We called our vet and told him that we think our pigs may have some kind of disease and gave him their symptoms. We were going to breed the sows again but needed to know if we needed to do something different. We don't give hormones or antibiotics to our animals, so this was a worry for us.
In our conversation we told him that we had no idea what to do the next time around. This is what we did and these were the results.
What did we do? We fed too many potatoes to the pigs. All kinds of problems result from feeding too much. How much is too much we asked. I wasn't pleased with the answer at all.
Here is what the vet said.
Pigs can't digest potatoes very well. (I was confused by this as their constitution is similar to a humans.)
1. Never more then 25% of their diet can be potatoes and this is even more different for lactating (nursing) sows.
2. Only ever feed cooked potatoes to your pigs.
3. When you are feeding potatoes, if you have any question feed less.
4. For a lactating (nursing) sow ~ The maximum you feed is 4 potatoes. Watch the piglets very closely. If they show the slightest sign of diarrhea, you either drop down to one potato or no potatoes.
We have chosen to not feed them to our pigs. I have finally gotten smart enough to call the vet on any change of diet. Man am I so glad I did. The story of feeding rye could have been terrifying.
We have snow now so it is off to work I go. You all enjoy the beginnings of winter.
I would love to hear any stories you have to share. I am always looking for ways to improve.
May you have a great day!
Morning: There is always a lot going on at the farm ...
Wow! Am I accident-prone! I tell you these wildlife creatures are going to be the death of me.
At 3:00 this morning, the smell of skunk woke me out of a sound sleep. I reach over to wake up Russ. He says, "Let's go find it before it gets any of the chickens!." It is very dark outside, no moon or yard light. We jump up and off we go. He is way ahead of me, and so I follow along and fall off the deck, sprain my ankle (which is now a cankle) and moan and groan my way off the ground. I see Russ coming out of the chicken yard and take off around the shop. He is hot on the trail. I run toward him with one leg dragging behind me. He gets ahead of the skunk and cuts him off from going home. The skunk turns around and heads straight toward me. I take an instant 90 degrees to the left and run smack dab into a roll of fencing, and now am in possession of three long curved scratches just under my knee. Painful as all get out. I holler as I snag my leg on the wire, and the skunk turns toward the shop and I high tail it behind the tractor.
I have been limping along all day with this throbbing wounded knee and gimping along on an ankle that doesn't work properly. Poor Russ has had to do most everything today. I come along for the ride. It will be interesting to see what tomorrow will bring. Peace maybe? I vote for that anyway.
We seem to have skunks under every pile and building. This one had moved in under the birthing shed. I am not sure if the one under the chicken coop is gone or if we just haven't had much trouble with him. I am sure they just wait until my back is turned and find something else to move into.
We have been losing a considerable amount of chickens and ducks to skunks this year. At least once a week we have issues with a wild critter, skunks in particular.
Does anyone else seem to have more then their fair share of skunks? Well at least it seems like it.
Just another day on the farm.
Thanks for reading,
I got home today from town and found a mess. The pigs had broken out of their pen and proceeded to tear up my pasture. The dog-killing, pig-hating, sheep-protecting llama (Suzie) was on alert and hidden behind the dirt pile, sending out her warble of appeal. The sheep were huddled up into groups of four or six. I am not sure if they were shaking, but I do know they were not eating.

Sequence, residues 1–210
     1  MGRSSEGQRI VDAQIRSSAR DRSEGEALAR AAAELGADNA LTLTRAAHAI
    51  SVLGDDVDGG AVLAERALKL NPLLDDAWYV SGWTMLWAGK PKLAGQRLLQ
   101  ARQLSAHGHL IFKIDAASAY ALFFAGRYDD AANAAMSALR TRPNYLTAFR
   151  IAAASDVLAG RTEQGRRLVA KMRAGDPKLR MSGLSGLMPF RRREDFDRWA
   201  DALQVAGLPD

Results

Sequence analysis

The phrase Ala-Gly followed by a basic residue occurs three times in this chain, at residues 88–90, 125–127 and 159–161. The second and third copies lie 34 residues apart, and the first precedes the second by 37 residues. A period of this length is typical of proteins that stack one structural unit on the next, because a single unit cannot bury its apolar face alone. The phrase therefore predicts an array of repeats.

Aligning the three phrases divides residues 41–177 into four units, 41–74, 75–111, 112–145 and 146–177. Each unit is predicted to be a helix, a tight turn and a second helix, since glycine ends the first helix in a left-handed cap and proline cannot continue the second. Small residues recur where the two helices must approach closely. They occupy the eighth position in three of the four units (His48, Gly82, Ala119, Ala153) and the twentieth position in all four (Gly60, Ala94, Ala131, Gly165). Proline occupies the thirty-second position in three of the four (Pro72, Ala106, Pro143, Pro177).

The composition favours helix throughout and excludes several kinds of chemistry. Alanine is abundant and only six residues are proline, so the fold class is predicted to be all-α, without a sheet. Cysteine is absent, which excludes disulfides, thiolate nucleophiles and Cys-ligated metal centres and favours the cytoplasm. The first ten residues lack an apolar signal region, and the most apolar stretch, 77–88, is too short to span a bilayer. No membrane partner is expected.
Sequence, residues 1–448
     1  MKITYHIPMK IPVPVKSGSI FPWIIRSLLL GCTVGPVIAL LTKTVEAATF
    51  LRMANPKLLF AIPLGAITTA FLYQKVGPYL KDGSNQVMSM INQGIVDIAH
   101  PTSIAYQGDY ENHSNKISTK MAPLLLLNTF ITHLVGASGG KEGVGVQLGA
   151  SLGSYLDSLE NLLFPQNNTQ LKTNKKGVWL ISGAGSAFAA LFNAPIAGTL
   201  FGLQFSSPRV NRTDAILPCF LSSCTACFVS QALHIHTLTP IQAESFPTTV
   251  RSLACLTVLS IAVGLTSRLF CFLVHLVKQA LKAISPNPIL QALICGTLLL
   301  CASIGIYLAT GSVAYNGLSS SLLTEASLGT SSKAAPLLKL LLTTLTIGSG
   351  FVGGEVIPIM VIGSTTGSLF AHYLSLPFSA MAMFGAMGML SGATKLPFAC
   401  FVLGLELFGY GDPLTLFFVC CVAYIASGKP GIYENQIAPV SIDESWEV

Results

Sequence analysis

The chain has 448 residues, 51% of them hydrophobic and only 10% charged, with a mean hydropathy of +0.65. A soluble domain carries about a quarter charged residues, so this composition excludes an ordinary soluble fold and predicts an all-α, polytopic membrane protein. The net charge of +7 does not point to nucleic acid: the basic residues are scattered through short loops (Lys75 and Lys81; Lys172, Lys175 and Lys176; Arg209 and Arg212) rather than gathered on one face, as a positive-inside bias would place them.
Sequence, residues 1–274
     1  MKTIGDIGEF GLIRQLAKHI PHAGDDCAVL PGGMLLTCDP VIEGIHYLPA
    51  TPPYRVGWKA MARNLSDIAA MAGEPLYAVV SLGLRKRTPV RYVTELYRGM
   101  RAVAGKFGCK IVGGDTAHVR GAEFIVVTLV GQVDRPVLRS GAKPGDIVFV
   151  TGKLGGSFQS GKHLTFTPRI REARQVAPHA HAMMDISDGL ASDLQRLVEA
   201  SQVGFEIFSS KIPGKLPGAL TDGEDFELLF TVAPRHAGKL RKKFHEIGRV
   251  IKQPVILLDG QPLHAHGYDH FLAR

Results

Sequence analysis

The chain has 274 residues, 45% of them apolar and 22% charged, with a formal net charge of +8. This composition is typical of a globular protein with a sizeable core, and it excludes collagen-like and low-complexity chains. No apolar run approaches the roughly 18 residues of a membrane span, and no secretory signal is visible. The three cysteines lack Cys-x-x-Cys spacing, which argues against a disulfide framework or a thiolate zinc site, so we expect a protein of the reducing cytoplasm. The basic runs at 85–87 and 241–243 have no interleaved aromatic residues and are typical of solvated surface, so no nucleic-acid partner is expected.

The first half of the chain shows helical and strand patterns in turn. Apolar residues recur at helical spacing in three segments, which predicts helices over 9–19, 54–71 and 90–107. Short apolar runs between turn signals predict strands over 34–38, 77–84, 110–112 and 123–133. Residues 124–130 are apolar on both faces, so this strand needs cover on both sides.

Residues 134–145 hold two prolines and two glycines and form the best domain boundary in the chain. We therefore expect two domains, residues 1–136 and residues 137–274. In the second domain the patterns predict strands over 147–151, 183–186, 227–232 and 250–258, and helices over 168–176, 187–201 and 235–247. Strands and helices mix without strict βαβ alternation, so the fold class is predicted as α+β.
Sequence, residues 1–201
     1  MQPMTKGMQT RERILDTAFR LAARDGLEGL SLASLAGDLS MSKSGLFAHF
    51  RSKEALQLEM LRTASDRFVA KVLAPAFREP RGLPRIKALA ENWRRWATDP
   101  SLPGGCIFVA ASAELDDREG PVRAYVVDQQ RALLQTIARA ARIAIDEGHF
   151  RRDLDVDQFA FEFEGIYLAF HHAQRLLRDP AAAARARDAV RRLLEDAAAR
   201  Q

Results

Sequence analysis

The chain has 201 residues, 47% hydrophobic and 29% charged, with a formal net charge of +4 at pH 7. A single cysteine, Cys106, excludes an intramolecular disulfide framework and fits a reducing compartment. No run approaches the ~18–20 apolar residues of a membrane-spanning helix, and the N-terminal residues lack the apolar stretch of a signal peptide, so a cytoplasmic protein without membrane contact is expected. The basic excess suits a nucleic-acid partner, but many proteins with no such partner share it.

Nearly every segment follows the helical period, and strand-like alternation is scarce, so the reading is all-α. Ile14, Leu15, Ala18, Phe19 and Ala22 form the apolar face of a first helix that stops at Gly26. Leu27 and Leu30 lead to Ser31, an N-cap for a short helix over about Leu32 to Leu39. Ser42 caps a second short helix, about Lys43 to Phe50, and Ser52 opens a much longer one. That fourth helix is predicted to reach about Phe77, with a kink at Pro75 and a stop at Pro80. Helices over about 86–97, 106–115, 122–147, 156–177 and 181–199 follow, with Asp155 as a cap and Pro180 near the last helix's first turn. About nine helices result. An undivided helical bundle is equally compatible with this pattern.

Of course I got my bucket of pig grower to entice the pigs back into their pen. At the rattle of the gate opening, they all came a running. I then had to race clean across the pasture to the pen, find out where they got out, and try to get the bucket of feed into the pen before they got me. I didn't make it!
In all my anxiousness, I forgot the knife and twine to repair the fence, so I ended up going back to the shop and retrieving the crucial items. I got another bucket of grower and raced again to the pen. While I am practicing my kickboxing moves on the pigs, I stand on one foot kicking my other leg all over the air, slicing through a piece of twine. I then hop to the other foot and practice more moves while slicing through more twine.
I finally have everything cut and the fence held open. Not a single pig comes into the pen. I shake the bucket, nothing. I hurry over, pour grower out into the pan, and pigs start running every fence line. I hurry back over to the opening and hold open the fence. I am run over in the initial rush, then dodge a couple more.
In counting I find I am one short. Where is that rascal? I tied up the fence and started looking for number 9. I found her buried clean up to her stomach in fresh dirt. I found her by her two white ears wiggling in the green grass. What ever roots (no pun intended) she found were wonderful. She had torn up a 15 x 15 square spot of my pasture. I ran over to her and stuck the bucket under her nose. She came and the race was on. I cannot run facing backwards or sideways, so every time she squealed or snorted, I could only run faster and hope she wasn't about to bite me or run me over. You can imagine how fast I really ran as I still have a sprained ankle (from my run in with the skunk, another fun story) and torn meniscus in my other knee. I once again cut twine to let her in the pen. She was so busy being jealous of the other pigs eating that she ran every fence. I ran after her and stuck the bucket under her nose. That got her attention. We once again ran the fence line back to the opening that I had and she went right in. I tied the panels shut again. Job accomplished!
Finally I can go collect eggs.
That little white pig's name is now #9.